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Wrongful Death and Florida Auto Accidents


In 2018 (the most recent available data), Florida saw 2,917 fatal car accidents. It is hard not to wonder how many of those accidents led to grieving families filing wrongful death lawsuits against the person or persons who might have caused the death of their loved ones, as car accidents are one of the leading causes of wrongful death in Florida. If you have been so unfortunate as to lose someone you love as a result of a car crash, it is crucial that you have knowledgeable legal help to guide you through the process of filing suit.

Am I Allowed To File?

Normally, when injuries occur in an auto accident case, the remedy is not to file suit, but instead, to file a claim with one’s personal injury protection (PIP) insurer for your damages, as Florida is a no-fault state. Being a no-fault state means that instead of filing lawsuits over auto accident damages, everyone is required to carry PIP insurance, and use that to pay medical bills in the event of being injured in a car crash. However, Florida law specifically holds that if one suffers “significant and permanent” injuries – or if death occurs – one can file suit instead of being forced to go through their insurer.

Perhaps the most important thing to keep in mind is that when someone is killed in an auto accident, any claim they might have had for damages against the allegedly negligent driver does not die with them. A wrongful death claim is essentially a lawsuit filed by the deceased person’s next of kin, using the deceased person’s claims that would have formed the basis for a personal injury claim had they survived. It is brought under a theory of negligence, meaning that in order to prevail, the plaintiff has to establish that the defendant breached a duty to exercise reasonable care with regard to the deceased person.

Filing Suit

Usually, the personal representative of the deceased person’s estate is the one to file the claim, though they can file it either on behalf of the estate, or on behalf of the deceased person’s surviving family. Only certain family members may recover – generally, the surviving spouse, children, and in some cases, parents. There are many different types of damages that may be recoverable, such as loss of support or services, loss of quality of life, and mental anguish.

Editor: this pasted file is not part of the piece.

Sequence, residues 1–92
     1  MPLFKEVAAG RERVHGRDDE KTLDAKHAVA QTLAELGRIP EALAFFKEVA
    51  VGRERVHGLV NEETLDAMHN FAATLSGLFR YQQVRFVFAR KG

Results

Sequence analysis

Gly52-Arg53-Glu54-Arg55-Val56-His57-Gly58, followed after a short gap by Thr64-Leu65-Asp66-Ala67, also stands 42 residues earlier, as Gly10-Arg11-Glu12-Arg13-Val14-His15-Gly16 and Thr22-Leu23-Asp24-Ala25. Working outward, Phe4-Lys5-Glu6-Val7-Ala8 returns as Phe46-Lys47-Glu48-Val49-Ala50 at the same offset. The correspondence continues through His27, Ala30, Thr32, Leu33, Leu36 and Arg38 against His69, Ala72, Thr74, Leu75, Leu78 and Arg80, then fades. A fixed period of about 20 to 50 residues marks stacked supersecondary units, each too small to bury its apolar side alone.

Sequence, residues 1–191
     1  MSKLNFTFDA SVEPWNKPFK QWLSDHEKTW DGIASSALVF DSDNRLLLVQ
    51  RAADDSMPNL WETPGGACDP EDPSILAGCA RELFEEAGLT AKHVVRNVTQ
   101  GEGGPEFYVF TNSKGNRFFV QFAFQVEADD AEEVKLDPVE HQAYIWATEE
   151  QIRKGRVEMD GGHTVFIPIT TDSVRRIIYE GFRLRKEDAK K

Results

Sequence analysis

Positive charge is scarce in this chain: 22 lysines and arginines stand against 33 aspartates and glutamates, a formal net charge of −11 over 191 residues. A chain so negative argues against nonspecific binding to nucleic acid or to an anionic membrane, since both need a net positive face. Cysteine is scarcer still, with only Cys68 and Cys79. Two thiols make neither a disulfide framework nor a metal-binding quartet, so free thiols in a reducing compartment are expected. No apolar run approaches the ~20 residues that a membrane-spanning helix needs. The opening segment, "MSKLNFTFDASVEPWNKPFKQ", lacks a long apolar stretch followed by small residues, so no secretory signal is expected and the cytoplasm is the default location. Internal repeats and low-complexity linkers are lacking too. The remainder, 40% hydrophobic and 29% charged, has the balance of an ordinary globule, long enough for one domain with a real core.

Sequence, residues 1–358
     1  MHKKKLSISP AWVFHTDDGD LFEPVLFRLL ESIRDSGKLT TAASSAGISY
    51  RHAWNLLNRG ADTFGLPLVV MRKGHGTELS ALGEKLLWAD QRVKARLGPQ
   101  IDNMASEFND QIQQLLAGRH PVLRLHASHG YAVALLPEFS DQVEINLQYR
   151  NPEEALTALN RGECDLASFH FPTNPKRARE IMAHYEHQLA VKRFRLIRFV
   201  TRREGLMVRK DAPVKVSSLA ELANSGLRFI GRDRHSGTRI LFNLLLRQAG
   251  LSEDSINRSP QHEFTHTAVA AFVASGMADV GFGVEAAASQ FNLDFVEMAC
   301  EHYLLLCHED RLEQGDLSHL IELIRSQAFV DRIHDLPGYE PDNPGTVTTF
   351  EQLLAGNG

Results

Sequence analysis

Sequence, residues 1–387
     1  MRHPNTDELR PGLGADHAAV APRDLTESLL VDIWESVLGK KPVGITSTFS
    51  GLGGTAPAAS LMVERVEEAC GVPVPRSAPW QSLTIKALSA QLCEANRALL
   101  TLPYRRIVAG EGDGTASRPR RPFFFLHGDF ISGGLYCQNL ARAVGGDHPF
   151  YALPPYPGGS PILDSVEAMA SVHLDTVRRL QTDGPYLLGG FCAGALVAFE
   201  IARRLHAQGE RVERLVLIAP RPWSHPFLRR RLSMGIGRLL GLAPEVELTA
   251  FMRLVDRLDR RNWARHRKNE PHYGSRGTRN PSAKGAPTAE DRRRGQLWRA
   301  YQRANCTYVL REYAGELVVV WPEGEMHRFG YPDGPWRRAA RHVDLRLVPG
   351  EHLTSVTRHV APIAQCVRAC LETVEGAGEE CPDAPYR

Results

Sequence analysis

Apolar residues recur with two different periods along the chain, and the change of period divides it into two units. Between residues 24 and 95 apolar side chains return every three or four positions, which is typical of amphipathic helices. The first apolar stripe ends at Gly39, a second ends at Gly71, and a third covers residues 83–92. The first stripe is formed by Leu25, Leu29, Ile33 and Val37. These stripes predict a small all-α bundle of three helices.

If you are debating whether or not to file a claim, be advised that there is a time limit in which your decision must be made. Florida’s statute of limitations on wrongful death is two years from the date of the person’s passing, though in rare cases there may be a reason to extend that time period. This may seem like a long time, but it is not – and this goes double for auto accident cases, where quite a lot of information is often required in order to make an accurate determination of negligence. In extreme cases, accident reconstruction or expert witness testimony may even be needed – all of which takes time to prepare. If you have lost a loved one in this type of accident, it is best to file as quickly as possible.

Call A Tampa Wrongful Death Attorney

Losing a loved one can be devastating. If you are so unfortunate as to lose a loved one due to the alleged negligence of another person, you have the right to seek compensation for what you have lost. The Tampa wrongful death attorneys at the Rinaldo Law Group can offer compassionate and dedicated representation at a time when you may need an understanding ear. Call us today for a free consultation.







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